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  • Tim Kraemer

Cathedral Ceiling versus Coved Ceiling

For the month of February our Wednesday blogs will feature two different types of ceilings. We will compare the two and then we’ll let you choose which one you’d rather use!

Cathedral Ceiling versus Coved Ceiling

A look at Cathedral Ceilings:

Cathedral ceilings (also known as vaulted) are upside-down V shaped ceilings with equally sloping sides. They are tall-typically reaching 15 feet or higher. The ceiling attaches directly to the roof trusses and it is important that the trusses themselves are wide enough to allow proper ventilation and insulation. It can be a challenge to paint cathedral ceilings and change light fixtures due to the unique shape. Cathedral ceilings give an open, spacious feel and can often be found on first-floor living rooms and dining rooms as well as master bedrooms and baths. They can also give a look of warmth and elegance. One downfall of Cathedral ceilings is the fact that they create so much space which requires extra heating and cooling.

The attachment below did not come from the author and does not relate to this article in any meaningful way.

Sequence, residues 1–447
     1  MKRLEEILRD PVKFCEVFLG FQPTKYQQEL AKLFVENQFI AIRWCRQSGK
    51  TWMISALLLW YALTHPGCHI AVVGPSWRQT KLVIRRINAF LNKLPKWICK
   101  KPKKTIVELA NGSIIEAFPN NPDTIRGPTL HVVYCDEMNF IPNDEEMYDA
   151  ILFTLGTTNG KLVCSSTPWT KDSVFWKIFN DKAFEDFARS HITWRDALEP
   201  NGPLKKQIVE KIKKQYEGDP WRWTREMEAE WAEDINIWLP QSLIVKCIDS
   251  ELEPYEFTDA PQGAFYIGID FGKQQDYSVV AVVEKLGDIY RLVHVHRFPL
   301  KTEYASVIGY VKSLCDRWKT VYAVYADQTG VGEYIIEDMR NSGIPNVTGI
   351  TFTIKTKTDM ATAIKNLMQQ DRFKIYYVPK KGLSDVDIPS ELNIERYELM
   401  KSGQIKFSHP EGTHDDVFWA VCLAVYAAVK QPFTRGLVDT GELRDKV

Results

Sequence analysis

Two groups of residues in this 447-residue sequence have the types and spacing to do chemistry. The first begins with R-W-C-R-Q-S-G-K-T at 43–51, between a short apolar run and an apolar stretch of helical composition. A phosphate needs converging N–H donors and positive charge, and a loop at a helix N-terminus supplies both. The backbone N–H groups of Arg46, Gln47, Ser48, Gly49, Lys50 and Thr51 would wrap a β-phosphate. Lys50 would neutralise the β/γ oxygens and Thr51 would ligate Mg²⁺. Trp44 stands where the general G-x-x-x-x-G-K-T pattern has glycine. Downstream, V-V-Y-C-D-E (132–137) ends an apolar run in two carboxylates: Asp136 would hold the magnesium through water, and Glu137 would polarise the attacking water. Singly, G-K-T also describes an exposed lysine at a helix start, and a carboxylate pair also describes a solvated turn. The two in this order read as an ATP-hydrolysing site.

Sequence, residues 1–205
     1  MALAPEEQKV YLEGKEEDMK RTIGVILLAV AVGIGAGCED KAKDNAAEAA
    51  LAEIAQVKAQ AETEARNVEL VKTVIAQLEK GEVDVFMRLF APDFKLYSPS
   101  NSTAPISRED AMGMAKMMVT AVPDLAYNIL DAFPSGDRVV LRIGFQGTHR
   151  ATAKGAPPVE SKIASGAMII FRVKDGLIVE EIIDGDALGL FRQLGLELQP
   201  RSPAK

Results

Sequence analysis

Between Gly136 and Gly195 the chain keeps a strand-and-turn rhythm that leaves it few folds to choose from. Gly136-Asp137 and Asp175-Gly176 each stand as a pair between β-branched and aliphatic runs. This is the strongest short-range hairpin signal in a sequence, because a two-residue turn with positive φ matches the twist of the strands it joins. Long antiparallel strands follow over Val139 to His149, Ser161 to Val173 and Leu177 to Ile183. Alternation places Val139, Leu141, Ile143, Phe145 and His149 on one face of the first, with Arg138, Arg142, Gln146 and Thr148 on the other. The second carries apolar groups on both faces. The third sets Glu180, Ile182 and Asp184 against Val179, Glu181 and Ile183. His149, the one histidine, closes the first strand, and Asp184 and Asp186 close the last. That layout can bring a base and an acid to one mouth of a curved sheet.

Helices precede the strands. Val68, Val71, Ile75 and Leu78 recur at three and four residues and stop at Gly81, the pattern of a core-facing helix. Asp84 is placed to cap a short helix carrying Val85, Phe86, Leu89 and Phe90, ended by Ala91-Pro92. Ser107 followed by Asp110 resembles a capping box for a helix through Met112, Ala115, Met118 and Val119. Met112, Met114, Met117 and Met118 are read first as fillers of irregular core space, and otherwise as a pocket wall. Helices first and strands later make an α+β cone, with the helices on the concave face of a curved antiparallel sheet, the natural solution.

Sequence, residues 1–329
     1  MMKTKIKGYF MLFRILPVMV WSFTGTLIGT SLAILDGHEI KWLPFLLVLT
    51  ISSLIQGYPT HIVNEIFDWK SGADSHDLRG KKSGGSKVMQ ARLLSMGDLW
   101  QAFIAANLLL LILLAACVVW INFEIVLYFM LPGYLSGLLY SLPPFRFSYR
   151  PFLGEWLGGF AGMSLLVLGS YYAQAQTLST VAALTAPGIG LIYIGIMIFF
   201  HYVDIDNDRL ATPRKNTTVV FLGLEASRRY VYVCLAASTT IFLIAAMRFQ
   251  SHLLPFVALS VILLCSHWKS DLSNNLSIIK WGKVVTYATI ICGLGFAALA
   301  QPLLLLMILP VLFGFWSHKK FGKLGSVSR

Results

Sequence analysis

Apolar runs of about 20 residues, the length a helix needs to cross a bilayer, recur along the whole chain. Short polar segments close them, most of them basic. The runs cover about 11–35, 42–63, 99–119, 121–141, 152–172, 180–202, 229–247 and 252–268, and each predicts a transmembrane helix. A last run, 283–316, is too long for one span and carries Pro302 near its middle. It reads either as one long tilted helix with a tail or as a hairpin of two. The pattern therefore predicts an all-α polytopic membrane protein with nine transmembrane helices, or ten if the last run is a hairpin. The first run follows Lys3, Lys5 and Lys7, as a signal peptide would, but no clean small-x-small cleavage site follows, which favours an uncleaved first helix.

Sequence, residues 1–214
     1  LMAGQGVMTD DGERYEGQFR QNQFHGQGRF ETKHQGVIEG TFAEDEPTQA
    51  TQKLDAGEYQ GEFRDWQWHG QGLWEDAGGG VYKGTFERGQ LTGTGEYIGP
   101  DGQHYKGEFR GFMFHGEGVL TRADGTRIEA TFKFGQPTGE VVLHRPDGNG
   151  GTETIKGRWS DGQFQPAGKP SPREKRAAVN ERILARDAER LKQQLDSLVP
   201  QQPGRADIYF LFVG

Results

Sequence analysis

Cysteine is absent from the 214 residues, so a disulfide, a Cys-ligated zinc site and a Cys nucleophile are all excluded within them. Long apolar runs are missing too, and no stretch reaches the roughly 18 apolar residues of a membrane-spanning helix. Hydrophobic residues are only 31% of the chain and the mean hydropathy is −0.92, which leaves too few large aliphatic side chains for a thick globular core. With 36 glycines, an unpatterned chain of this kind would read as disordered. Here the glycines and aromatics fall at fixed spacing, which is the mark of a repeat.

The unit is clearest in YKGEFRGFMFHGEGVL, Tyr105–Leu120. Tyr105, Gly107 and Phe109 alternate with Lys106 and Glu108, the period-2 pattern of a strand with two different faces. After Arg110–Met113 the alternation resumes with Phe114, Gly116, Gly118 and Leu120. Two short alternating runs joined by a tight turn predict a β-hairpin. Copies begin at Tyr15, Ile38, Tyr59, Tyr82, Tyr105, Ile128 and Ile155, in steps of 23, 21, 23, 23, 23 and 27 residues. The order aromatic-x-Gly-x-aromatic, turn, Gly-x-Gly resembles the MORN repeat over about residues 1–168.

An example of a cathedral (vaulted) ceiling.

A look at Coved Ceilings:

Coved ceilings are created with a curved molding that goes from the main wall of a room up to the actual ceiling which creates a round surface. This smooth transition creates a soft and subtle look. The molding is often painted to match the floor molding of the room. Coved ceilings are often found in formal rooms but can also be used to separate one living space from another. Coved ceilings can also be put into the same category as tray ceilings as they create another level of depth in the ceiling.

An example of a coved ceiling.

Which ceiling style would you choose?

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